UIA Congres, Istanbul, Turkey
|2003||Delft University of Technology’s Faculty of Architecture and the Built Environment, the Netherlands|
NEVER WASTE A GOOD CRISIS
A crisis is a moment of freedom and a reason to break new ground. Approaches to spatial change in urban areas that may have worked five years ago, fail today. Issues have grown more complex, frequently combining cultural, social and economic aspects. Fascinated by this development, we think that the narrow-minded approach of the ‘traditional’ architect no longer yields solutions. To us, buildings never exist in isolation: we look beyond zoning boundaries and see the built environment, public space, the landscape and society as parts of a whole.
The Lived Environment
We aim to reveal human perceptions, memories and imagination. Our interest lies in studying how residents and other users behave, perceive and remember their environment. We do not believe in destroying the old to make room for the new: we focus on what is there, its cultural history, its social context and on the qualities of a district or place. Incorporated into a new structure – an urban plan, a building development, a new square – these are made visible again, acquiring new meaning in the minds of their users. Trees, ditches, old walls, existing buildings or urban structures need not disappear under layers of construction sand: they can be integrated into a new system, adding value to the identity and quality of life in a neighbourhood or district.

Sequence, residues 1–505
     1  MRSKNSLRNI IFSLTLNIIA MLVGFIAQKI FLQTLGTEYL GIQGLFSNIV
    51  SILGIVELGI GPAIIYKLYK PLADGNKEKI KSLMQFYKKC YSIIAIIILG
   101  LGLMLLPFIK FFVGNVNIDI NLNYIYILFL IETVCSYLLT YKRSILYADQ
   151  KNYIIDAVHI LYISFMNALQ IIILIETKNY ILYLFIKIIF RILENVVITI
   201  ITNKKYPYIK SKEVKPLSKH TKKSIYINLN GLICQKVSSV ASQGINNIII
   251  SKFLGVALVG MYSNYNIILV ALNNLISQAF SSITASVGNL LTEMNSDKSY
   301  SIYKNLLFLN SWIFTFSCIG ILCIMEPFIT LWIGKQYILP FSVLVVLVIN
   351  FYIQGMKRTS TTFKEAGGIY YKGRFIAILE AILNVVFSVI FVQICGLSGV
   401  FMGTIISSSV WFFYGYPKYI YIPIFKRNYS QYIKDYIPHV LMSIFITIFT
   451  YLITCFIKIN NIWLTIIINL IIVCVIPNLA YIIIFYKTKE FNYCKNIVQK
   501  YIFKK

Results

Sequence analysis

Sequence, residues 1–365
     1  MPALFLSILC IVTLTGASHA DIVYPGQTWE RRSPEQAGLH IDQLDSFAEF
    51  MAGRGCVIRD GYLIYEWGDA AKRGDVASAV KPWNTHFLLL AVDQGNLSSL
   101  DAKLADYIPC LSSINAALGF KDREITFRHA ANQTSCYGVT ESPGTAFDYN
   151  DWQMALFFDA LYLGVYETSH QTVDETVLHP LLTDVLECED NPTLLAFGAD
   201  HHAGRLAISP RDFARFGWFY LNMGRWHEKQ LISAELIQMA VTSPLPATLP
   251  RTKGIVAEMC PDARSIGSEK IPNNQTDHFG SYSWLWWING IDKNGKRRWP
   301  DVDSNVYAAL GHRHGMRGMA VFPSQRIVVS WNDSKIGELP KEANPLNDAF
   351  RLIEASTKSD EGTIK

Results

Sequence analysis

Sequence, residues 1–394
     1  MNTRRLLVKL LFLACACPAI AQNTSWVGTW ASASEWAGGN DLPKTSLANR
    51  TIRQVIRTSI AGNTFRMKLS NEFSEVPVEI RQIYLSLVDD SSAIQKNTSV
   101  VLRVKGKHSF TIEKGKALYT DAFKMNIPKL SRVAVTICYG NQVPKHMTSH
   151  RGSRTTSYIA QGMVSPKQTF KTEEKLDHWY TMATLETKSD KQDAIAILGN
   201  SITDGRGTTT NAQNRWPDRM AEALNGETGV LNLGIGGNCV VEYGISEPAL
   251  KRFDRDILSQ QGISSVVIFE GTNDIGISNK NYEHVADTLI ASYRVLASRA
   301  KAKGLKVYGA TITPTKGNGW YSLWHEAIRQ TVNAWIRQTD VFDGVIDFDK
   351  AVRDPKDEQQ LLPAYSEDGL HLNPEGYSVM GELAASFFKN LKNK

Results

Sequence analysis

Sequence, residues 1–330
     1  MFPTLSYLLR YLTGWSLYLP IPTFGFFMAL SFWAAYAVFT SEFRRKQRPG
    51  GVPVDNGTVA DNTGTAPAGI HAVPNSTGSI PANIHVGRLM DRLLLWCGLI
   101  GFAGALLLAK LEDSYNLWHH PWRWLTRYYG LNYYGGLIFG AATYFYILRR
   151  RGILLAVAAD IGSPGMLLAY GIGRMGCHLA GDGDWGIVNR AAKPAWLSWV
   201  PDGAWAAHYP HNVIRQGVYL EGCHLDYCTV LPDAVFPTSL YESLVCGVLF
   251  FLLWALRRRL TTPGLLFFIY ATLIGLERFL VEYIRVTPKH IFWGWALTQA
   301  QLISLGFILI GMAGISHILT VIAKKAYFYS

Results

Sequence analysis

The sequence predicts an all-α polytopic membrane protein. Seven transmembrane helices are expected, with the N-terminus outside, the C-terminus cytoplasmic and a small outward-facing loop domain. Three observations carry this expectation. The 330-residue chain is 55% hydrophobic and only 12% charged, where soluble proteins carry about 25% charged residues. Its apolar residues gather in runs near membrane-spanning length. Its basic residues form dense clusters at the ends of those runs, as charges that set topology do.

We look at the city and the land from the perspective of those who move slowly: those who travel about on foot or by bike; active people who draw on all their senses to perceive and experience the built environment. Sound, wind, shadow or light largely determine the quality of a space or place. Too often, unfortunately, such factors are ignored in the design of urban spaces and buildings. We advocate a more poetic approach to the built environment and urban life, one that stimulates the senses. We do not ignore the ‘fast’ city, but focus on adopting a different perspective on the built world. In our daily lives we also live slowly.